Florida backs Feds’ motion to dismiss ‘Big Pharma’ suit, launch drug-import plan | Florida

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(The Center Square) – Florida on Tuesday filed a brief in support of the Biden’s administration’s petition to dismiss a federal lawsuit blocking the launch of a Canadian prescription drug import plan state lawmakers adopted in 2019.

In a brief filed Friday, the White House argued the November lawsuit filed by Pharmaceutical Research & Manufacturers of America (PhRMA), Partnership for Safe Medicines and Council for Affordable Health Coverage is premature because the federal government has not signed off on any state-based drug import programs.

The administration maintains ‘Big Pharma’s” lawsuit filed in U.S. District Court in the District of Columbia “preemptively launched this wholesale attack” on two proposed programs – Florida and New Mexico – awaiting approval by the U.S. Department of Health & Human Services (HHS) and Food & Drug Administration (FDA).

“No timeline exists for the agency to make a decision,” the motion states.

The lawsuit was filed the same day Florida’s proposed Canadian Prescription Drug Importation Program plan was submitted for final FDA review after then-HHS Secretary Alex Azar approved implementing it under Section 804 of the Federal Food, Drug & Cosmetic Act.

In 2019, Florida lawmakers adopted House Bill 19, which created three state-backed programs to import lower-cost prescription drugs. Establishing such a program was one of DeSantis’ first announced priorities upon assuming office in January 2019.

HB 19’s three prescription drug importation programs are:

  • the Canadian Prescription Drug Importation Program managed by the AHCA;
  • the International Prescription Drug Importation Program managed by the Department of Business and Professional Regulation (DBPR);
  • a pilot program run by the Florida Department of Health and DBPR.

In 2020, lawmakers adopted HB 23, which creates an intergovernmental structure administered by the Florida Agency for Health Care Administration (AHCA) to purchase pharmaceuticals from Health Canada, and earmarked $20.4 million in the budget to hire a contractor to get the program off the ground.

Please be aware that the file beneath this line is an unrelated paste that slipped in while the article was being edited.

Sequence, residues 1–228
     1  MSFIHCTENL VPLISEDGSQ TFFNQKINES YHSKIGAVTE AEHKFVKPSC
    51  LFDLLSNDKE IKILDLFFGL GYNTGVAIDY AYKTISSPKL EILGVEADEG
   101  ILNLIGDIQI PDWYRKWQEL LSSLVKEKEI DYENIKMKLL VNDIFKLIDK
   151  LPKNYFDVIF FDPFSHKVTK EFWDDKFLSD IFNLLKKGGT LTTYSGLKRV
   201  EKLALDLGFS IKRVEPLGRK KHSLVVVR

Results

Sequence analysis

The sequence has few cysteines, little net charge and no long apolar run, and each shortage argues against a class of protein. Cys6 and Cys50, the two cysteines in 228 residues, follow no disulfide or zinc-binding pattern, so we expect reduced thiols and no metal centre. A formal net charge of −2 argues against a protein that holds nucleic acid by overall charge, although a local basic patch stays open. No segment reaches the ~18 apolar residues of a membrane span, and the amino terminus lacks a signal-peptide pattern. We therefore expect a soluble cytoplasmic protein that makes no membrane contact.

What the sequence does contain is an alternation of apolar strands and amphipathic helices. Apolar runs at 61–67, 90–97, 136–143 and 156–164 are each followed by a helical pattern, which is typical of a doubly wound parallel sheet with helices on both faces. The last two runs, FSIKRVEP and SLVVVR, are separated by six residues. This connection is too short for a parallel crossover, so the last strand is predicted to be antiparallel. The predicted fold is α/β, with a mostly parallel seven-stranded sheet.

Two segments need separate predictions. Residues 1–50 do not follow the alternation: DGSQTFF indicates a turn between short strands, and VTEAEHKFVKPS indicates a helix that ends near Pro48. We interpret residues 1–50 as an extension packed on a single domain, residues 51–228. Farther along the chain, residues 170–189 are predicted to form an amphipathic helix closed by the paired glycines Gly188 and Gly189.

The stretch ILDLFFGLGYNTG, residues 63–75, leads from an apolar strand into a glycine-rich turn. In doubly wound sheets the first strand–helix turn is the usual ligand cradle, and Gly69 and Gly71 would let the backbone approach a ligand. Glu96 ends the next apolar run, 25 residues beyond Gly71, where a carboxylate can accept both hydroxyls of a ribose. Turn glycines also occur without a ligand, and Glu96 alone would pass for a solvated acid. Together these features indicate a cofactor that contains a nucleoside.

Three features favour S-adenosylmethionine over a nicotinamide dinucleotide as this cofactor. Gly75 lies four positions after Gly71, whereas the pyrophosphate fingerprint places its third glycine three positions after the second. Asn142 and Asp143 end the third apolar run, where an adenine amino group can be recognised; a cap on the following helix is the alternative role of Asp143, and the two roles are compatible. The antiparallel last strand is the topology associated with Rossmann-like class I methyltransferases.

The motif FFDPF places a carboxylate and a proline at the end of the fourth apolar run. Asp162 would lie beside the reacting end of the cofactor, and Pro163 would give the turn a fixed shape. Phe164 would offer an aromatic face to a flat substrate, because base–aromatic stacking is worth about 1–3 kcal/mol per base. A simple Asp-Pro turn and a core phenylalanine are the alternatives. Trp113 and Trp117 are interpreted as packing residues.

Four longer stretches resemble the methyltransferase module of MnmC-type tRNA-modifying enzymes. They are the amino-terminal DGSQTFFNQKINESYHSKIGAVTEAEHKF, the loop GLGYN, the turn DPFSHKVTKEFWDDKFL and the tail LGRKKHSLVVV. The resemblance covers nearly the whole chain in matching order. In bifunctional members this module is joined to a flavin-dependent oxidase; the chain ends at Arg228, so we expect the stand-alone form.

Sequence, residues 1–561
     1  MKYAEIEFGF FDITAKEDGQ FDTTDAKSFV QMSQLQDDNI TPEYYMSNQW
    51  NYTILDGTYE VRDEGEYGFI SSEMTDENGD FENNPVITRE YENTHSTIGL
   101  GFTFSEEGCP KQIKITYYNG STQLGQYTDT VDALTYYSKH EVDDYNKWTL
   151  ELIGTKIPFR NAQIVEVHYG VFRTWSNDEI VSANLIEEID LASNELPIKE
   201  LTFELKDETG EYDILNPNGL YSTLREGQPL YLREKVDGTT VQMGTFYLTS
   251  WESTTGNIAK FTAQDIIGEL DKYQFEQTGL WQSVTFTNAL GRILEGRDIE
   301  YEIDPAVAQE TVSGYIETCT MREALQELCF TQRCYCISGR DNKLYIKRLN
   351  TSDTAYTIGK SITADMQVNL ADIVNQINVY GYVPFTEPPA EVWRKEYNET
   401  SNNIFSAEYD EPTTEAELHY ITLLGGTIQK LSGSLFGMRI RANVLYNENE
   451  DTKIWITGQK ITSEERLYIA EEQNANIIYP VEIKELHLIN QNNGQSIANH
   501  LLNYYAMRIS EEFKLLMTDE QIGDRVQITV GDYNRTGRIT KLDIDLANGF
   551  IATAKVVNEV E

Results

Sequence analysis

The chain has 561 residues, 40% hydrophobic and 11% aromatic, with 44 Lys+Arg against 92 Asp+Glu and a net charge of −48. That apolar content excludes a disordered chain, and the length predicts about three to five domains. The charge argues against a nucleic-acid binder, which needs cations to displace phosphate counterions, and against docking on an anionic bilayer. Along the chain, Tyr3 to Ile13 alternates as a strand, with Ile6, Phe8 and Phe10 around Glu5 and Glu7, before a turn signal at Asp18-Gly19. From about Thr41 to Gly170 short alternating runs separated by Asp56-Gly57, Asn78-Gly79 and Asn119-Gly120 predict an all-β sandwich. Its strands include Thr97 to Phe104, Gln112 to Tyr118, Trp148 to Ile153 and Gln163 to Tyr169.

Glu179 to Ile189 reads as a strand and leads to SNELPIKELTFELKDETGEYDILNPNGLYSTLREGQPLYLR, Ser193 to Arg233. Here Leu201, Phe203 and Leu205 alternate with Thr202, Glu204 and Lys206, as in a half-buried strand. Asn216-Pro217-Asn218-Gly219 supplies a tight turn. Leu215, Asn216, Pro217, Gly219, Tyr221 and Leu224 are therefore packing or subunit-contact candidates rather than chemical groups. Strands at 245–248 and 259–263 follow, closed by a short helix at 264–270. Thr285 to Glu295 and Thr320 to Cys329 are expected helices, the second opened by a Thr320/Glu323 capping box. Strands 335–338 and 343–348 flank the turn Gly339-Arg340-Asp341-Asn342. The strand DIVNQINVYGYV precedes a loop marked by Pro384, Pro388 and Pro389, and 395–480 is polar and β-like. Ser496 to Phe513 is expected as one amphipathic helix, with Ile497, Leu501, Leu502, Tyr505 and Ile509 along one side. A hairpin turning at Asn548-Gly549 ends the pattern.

On Tuesday, DeSantis and the AHCA filed an Amicus brief in support of the Biden administration’s motion, noting former President Donald Trump directed HHS to implement Florida’s plan under the 2003 Medicare Prescription Drug, Improvement & Modernization Act.

“Today’s filing reinforces Florida’s position – that the lawsuit is another desperate attempt by Big Pharma to prevent the importation of safe and effective prescription drugs from Canada,” DeSantis said. “Floridians have been waiting long enough for lower prescription drug prices, and it is unnecessary to keep them waiting. I look forward to the dismissal of the suit and the immediate approval of Florida’s plan by the federal government.”

The state’s brief dismisses the suit’s contention that the federal government has failed to demonstrate the safety of importing medicine and that it would produce any actual cost savings.

“Florida’s importation plan complies with all FDA regulatory requirements and provides Floridians access to essential medications at significant cost savings to taxpayers,” AHCA Secretary Simone Marstiller said. “Our filing reiterates the governor’s commitment to safely importing lower cost prescription drugs from Canada.”

The AHCA maintains “Florida is well-equipped to ensure the safety and quality of imported Canadian drugs” with preexisting regulatory framework to “prevent fraud, adulteration, misbranding, or false advertising in the preparation, manufacture, repackaging, or distribution of drugs.”

DeSantis on Friday said the 2019 drug importation plan could save Floridians $150 million annually in drug costs. He called on the Biden administration to accelerate final approvals so the state can launch the program within weeks.

“It is disappointing that the FDA appears to have no timeline to review any state importation proposals as referenced in today’s filing,” he said. “Floridians have been waiting long enough for lower drug prices, and there is no good reason to keep them waiting.”



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Caleb Alexander

Caleb Alexander

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